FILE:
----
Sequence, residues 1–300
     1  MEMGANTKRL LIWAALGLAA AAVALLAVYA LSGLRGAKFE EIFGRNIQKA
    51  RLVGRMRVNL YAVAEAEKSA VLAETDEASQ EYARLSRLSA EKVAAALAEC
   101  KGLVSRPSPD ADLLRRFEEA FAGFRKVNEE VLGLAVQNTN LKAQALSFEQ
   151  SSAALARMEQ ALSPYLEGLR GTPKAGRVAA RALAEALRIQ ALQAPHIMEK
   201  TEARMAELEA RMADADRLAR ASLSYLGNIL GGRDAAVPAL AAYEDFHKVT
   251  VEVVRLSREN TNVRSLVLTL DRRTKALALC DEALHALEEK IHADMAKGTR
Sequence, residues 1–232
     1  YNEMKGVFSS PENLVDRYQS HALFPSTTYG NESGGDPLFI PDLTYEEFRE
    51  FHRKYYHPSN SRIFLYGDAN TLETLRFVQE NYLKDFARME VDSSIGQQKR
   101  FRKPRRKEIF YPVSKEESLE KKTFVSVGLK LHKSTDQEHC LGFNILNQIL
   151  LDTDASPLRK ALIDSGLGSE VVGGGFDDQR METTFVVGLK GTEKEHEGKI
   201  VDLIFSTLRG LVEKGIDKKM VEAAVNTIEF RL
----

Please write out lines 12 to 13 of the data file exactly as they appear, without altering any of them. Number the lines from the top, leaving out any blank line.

   151  LDTDASPLRK ALIDSGLGSE VVGGGFDDQR METTFVVGLK GTEKEHEGKI
   201  VDLIFSTLRG LVEKGIDKKM VEAAVNTIEF RL